- If you’re one of the 3600 or so Starkey rank-and-file employees, you too shouldn’t be seriously impacted: You’ve done nothing wrong, though you probably will soon be answering to new, better management;
- If you’re in Starkey management and survived the palace coup so far, well, update your resumé, as a new ownership team may decide to just clean house;
- If you’re an Audibel, NuEar or MicroTech franchisee, well, we don’t know, as it depends on who picks up the pieces when the FDA brokers the fire sale: More on this below.
From this extensive investigation of the Starkey Hearing Foundation in late July by Minnesota Public Radio, we have this tidbit:
The company values the hearing aids it provides the foundation at $250 each – a figure consistent with what German regulators reported it costs to make the device when they released a study of major hearing aid manufacturers in 2006. Several analysts say the company is eligible for taking a tax break on every device it donates to the foundation.
We think the IRS would like to know how that $250 per aid figure was derived, as the tender price to Britain’s National Health Service (NHS) is about £63 per aid, which is about US$100.
When this all goes down, the FDA will broker a sale, much as they did in 2009 when Al Mann saw the coming storm and unloaded his basket of rotten apples on Sonova [but much to Sonova’s credit, they really cleaned it up, and we strongly recommend their CI’s]. Up in the air is whether to keep the whole Starkey Hearing Technologies all intact, or whether the valuable franchise network will be split off. Here are the potential players:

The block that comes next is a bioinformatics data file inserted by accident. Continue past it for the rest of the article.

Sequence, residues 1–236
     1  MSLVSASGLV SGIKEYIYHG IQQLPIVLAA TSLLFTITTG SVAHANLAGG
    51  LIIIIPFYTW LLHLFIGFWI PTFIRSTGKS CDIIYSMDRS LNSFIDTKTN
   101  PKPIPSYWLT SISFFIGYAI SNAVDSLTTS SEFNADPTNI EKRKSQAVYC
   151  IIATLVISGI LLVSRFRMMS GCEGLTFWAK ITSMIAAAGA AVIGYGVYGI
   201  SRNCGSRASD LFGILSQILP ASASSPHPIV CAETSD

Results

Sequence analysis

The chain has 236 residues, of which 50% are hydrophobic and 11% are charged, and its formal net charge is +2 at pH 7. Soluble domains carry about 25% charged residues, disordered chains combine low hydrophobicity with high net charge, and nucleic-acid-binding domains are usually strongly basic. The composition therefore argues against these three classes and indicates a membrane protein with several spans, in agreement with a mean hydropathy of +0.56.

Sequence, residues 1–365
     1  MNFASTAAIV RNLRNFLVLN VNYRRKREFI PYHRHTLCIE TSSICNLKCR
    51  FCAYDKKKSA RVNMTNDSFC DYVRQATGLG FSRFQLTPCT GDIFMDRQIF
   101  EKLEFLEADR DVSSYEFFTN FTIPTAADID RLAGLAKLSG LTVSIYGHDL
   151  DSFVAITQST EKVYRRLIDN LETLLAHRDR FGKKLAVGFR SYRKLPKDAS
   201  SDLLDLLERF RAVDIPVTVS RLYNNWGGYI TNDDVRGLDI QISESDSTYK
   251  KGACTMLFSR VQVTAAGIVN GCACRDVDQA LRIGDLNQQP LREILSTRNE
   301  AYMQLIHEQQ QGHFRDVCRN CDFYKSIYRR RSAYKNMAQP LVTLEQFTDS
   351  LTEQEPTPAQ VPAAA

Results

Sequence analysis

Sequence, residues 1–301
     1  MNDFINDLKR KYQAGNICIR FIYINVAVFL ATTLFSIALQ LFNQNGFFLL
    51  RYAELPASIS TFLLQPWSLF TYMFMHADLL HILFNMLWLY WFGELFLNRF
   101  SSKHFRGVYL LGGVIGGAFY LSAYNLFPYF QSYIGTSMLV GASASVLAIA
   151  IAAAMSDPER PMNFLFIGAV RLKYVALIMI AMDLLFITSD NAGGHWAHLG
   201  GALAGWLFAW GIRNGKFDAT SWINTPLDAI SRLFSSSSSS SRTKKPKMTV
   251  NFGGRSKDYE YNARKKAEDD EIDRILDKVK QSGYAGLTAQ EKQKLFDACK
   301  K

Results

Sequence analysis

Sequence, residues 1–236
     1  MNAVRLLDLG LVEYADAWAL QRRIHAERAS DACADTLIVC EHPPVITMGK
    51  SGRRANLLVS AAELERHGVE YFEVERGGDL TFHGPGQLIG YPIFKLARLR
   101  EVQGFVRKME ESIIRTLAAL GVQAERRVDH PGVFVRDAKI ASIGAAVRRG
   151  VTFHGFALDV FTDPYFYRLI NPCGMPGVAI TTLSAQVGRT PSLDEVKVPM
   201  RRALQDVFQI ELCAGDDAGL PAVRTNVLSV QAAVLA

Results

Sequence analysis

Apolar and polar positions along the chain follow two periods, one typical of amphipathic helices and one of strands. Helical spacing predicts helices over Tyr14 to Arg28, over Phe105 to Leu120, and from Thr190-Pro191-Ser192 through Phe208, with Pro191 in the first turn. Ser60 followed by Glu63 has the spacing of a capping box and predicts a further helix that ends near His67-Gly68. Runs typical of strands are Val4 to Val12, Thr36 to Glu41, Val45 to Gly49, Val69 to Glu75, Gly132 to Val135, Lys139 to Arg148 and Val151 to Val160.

- Sonova (Phonak, Unitron, Hansaton, AB, Connect Hearing)
- William Demant (Oticon, Bernafon, Sonic, Neurelec/Oticon Medical, plus hundreds of retail locations)
- GN (ReSound, Beltone, Jabra, Store Nord, and Netcom)
- Siemens/Sivantos (Siemens, Rexton, HearUSA): Unlikely, as Sivantos is still digesting their purchase
- Widex: We reported they were in discussions with Starkey already
- Samsung: They ordered $14 million in hearing aid chips in May; and reports are they too were in discussions with Starkey
- Cochlear Pty: They bid $1.2 billion for Siemens back in 2009; and since they have committed to Bluetooth 4 Low Energy with Made for iPhone CI’s & BAHA’s, and since they have a decent relationship with the FDA, they may be a surprise player
- Med-El: The Innsbruck company is privately owned & probably can’t put together the financing unless the franchise network is split off; however just as in 1996 when the FAA engineered a “reverse merger” of ValuJet into the then-tiny AirTran owned by “forklift Joe” Leonard, the FDA may engineer a similar reverse merger deal, as they too have good relations with Gaithersburg. Ingebord, call your banker
- Amplifon: They are the largest hearing aid retailer in the world, including Miracle-Ear
- IntriCon: They build aids for United Healthcare and Britain’s National Health Service
- Apple, Google: They both have piles of cash and may want to jump in to the industry, especially since Starkey has a valuable patent portfolio, and some of this IP can be integrated into Google Glass and iPhones.
If you are an Audibel or NuEar franchisee, you may wake up one morning to find you hit the jackpot and be transitioned to a Beltone, Miracle Ear or Connect Hearing franchise: Who knows?!